“I wanna go back to JonLee Drive/ eating crawfish and watching my so-called life.” This is how Dawn Richard begins new breed, her fifth studio album that doubles as a love letter to New Orleans. From start to finish, across 33 minutes and 10 tracks, new breed hums along in a fluid manner, fueled by an emotion deeper than hometown pride – something more like ancestral heritage, a profound sense of where one’s roots lie. In 2005, Hurricane Katrina displaced Richard’s family from the Ninth Ward of New Orleans to Baltimore, and her music career formally launched with her casting in MTV’s Making the Band 3. In 2016, her parents moved back to New Orleans, so she did too, for a brief time, to in order to reconnect with the city that raised her and her forbearers. Suddenly, her 11-year odyssey through the music industry had come full circle.
To say Richard’s career arc has been unconventional would be an understatement. For years, she operated under the umbrella of Sean “Diddy” Combs, first with the ineffectual girl group Danity Kane, then with the more adventurous electronic-R&B outfit Dirty Money. She ultimately landed on her feet as an independent artist and, over the course of the Heart album trilogy that culminated with 2016’s REDEMPTION, earned a reputation as one of pop music’s foremost experimentalists. With the help of producers like Noisecastle III and Machinedrum, she forged a futuristic, larger than life sound that seemed to suggest the vastness of the cosmos. She utilized asymmetrical song structures to underscore the sense that she was a round peg that the industry kept trying to hammer into a square hole.
After her REDEMPTION tour, Richard took a short hiatus from music; she accepted several acting gigs, including a stint in Issa Rae’s Insecure, filmed an Adult Swim pilot, and went to New Orleans to decompress. When it came time to get to work on her next musical project, she tapped a new set of producers that included Hudson Mohwake, Cole M.G.N., and Kaveh Rastegar. While new breed retains the electronic foundations that characterized much of the Heart trilogy, it adds layers of funk, R&B, and gospel that imbue each song, and the project as a whole, with a dolphin-like sleekness. The album does contain a few unexpected turns, achieved largely through clever sequencing, but it never strays far from Richard’s insistent, grounding NOLA POV.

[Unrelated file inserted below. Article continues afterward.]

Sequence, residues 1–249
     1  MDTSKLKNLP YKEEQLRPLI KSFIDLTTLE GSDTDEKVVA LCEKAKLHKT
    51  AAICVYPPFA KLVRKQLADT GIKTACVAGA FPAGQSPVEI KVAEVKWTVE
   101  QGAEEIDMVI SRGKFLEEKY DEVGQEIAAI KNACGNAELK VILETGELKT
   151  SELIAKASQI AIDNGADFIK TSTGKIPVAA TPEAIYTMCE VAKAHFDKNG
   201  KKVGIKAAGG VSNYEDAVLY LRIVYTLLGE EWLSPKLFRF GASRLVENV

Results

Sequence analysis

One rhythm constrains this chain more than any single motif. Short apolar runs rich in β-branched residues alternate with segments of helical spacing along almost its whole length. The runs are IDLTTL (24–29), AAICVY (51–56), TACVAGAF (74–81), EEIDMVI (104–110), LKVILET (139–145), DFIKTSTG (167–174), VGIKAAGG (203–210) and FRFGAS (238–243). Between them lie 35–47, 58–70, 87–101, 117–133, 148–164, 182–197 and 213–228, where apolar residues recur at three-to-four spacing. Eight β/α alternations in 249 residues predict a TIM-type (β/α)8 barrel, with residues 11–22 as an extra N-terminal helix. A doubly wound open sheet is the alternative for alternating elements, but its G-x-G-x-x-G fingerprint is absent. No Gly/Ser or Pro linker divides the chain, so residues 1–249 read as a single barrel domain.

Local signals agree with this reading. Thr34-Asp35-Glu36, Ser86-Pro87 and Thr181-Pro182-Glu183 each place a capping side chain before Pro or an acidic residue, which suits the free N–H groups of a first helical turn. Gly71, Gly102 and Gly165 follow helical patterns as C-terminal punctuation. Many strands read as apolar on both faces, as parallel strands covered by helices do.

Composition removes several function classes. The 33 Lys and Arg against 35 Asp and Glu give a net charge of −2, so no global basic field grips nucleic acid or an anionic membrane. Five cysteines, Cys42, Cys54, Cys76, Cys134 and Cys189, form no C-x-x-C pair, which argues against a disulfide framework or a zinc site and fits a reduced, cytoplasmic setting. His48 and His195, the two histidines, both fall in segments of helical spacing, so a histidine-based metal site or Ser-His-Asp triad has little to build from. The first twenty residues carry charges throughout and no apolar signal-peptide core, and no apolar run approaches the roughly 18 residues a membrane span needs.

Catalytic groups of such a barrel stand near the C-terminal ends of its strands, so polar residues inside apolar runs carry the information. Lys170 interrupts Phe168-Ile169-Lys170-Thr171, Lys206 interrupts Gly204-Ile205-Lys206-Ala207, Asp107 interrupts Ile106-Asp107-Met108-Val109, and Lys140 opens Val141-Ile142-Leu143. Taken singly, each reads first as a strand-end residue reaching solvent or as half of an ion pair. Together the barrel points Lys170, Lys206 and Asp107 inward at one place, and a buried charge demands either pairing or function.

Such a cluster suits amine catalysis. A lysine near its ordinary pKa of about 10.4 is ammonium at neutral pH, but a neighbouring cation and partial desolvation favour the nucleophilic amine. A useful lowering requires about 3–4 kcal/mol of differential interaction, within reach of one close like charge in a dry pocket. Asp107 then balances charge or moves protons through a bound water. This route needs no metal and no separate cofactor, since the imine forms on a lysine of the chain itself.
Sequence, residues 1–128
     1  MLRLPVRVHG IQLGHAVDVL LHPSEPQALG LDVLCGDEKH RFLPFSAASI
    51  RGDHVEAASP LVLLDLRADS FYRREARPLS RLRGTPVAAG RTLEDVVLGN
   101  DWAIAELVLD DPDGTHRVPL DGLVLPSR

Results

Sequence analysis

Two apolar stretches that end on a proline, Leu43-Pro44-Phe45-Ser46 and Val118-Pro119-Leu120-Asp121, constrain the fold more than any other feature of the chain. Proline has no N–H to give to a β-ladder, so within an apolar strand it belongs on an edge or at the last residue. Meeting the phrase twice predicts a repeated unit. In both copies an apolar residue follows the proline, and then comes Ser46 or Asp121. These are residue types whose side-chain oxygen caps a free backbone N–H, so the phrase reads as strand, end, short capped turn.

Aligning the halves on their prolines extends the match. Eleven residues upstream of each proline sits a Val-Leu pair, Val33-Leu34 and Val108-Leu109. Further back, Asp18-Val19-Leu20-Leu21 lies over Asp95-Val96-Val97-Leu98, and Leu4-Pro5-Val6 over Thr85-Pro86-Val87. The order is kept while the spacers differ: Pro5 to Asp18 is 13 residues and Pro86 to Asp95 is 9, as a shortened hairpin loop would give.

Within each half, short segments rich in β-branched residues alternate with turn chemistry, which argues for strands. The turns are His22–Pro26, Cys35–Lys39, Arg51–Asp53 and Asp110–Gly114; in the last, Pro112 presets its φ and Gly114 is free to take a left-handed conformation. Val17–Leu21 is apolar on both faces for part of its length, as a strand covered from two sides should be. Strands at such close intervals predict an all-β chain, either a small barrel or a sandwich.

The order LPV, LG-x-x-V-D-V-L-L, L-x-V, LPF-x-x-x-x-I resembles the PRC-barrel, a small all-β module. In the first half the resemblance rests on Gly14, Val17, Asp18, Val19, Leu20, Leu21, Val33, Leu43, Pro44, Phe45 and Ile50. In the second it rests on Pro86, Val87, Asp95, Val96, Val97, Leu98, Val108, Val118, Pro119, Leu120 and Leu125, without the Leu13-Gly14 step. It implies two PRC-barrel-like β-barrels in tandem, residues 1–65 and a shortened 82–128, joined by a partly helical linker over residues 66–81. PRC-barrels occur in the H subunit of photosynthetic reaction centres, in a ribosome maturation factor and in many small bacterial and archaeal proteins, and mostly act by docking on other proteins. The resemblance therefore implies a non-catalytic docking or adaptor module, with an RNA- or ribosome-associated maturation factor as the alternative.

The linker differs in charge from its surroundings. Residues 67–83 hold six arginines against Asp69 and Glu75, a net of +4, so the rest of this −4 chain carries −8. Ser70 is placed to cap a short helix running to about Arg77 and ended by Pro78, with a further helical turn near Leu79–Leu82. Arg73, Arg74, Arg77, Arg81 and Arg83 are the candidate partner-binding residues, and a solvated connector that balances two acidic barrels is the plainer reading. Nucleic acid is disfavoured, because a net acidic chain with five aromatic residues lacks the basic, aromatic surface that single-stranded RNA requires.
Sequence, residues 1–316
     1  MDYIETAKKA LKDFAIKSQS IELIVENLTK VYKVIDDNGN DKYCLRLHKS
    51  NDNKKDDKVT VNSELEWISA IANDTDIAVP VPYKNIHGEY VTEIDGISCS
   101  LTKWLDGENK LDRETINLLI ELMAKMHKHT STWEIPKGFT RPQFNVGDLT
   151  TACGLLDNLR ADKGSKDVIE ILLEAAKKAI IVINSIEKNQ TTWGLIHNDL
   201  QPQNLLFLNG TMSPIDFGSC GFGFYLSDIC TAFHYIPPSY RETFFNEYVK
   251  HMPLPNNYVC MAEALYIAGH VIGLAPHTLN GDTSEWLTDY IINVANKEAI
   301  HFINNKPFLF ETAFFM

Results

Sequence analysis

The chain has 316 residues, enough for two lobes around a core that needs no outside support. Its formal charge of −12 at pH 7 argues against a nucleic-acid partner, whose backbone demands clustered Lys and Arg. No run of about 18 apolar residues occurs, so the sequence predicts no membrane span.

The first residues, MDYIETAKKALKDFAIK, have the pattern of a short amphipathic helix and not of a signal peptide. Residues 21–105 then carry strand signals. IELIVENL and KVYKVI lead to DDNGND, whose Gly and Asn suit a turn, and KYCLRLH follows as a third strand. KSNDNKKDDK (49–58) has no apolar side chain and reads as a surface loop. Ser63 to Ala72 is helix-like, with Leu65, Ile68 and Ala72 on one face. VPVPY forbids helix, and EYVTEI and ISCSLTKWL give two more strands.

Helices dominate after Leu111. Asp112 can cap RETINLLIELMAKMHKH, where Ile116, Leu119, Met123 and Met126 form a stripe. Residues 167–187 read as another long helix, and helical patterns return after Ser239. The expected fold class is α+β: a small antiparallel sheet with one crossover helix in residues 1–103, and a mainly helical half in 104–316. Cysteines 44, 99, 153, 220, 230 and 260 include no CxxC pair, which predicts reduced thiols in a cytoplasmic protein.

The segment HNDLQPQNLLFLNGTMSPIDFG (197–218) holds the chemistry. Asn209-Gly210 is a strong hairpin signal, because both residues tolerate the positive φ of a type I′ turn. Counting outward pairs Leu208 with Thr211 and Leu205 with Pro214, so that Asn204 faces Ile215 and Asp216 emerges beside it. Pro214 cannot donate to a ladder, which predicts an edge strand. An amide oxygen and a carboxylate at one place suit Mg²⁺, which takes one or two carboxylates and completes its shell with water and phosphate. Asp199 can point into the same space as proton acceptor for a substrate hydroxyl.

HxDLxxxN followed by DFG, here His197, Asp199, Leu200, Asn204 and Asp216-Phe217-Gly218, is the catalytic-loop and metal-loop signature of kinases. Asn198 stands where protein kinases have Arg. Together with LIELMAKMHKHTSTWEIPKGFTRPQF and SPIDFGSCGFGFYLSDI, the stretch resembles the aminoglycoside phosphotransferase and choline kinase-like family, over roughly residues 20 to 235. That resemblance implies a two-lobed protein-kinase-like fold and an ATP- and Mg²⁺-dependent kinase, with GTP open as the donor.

“[New Orleans] is such a beautiful city, it is something so different,” Richard said in an interview with NPR. “I took it for granted because I thought it always would be there. And then when I got home, I said, You know what? I’m going to make an album that tells people why I am the way I am, and why we are the way we are, and maybe it could connect to those other breeds out there, who are like us. In the midst of the worst of times, we find a way to dance.” In this case, “we” refers to New Orleans residents, and more specifically, to the Mardi Gras Indians and the Washitaw Nation, a black tribe native to Louisiana. Most songs on new breed either begin or end with a clip of a Washitaw member speaking, often amidst hollering and cheering. By weaving these clips throughout the album, Richard cultivates a palpable sense of community and makes these Washitaw speakers the album’s emotional marrow, much like the way that the voicemails left by Kendrick Lamar’s parents, simultaneously peripheral and essential, formed the heart of good kid, m.a.a.d. city. Drake’s interpolation of Magnolia Shorty on “In My Feelings” and Beyoncé’s interpolation of Big Freedia and Messy Mya on “Formation” feel inconsequential compared to the way Richard constantly centers the voices of the Washitaw.
Stylistically, new breed does not draw particularly heavily on New Orleans’ musical traditions. “Shades” does briefly sample “Groove City,” a song by her father’s funk band Chocolate Milk. Rather, Richard frames New Orleans as the well from which she draws her strength. She shouts out “the nine” (the Ninth Ward) several times, most notably on the stunning early-album climax “Spaces,” in which she sings of her experiences navigating an unforgiving music industry: ““Something about them girls from the nine/ Somewhere between Hollywood and Vine/ I lost that girl from JonLee Drive, hah/ I had so many men in power telling me I was too brave, too confident, too black, too ugly, too thin/ That girl believed them/ But deep inside, the girl from the nine said fuck them.”
Though Richard occasionally dwells on relationships and sex, she explores those themes in service of the album’s larger goal of affirming her self-worth. This emphasis is evident in the way she sequences the tracks. The first and last tracks of new breed, “the nine (intro)” and “ketchup and po’boys (outro)” are overt New Orleans tributes. The tracks positioned just inside those bookends, “new breed” and “we, diamonds,” both read as the sort of inspirational self-talk Richard might give herself every morning. On “we, diamonds,” she compares herself to an unlikely array of athletes: Steph Curry, Tony Hawk, and Bayou legend Bobby Boucher. On the title track, she intones, “I am a lion/ I am a woman” and declares herself not a queen, but a king.
It only becomes apparent that Richard is herself present at these Washitaw meetings that new breed samples in the album’s final seconds, when she is mentioned by name for the first time. “Nevertheless, we’re here, and we gonna keep this going,” says a tribal elder. “And we’re gonna show Dawn that we are a tribe that’s behind her one hundred and fifty percent.” This sentiment dovetails nicely with the album cover, on which Richard reclines on a modest wooden porch, wearing a resplendent, massive white headdress sewn by the Washitaw leader, Chief David Montana. It is an image that gestures at once towards the past and the future; towards the tribe’s lineage and traditions, and towards a young matriarch that will help lead them forward.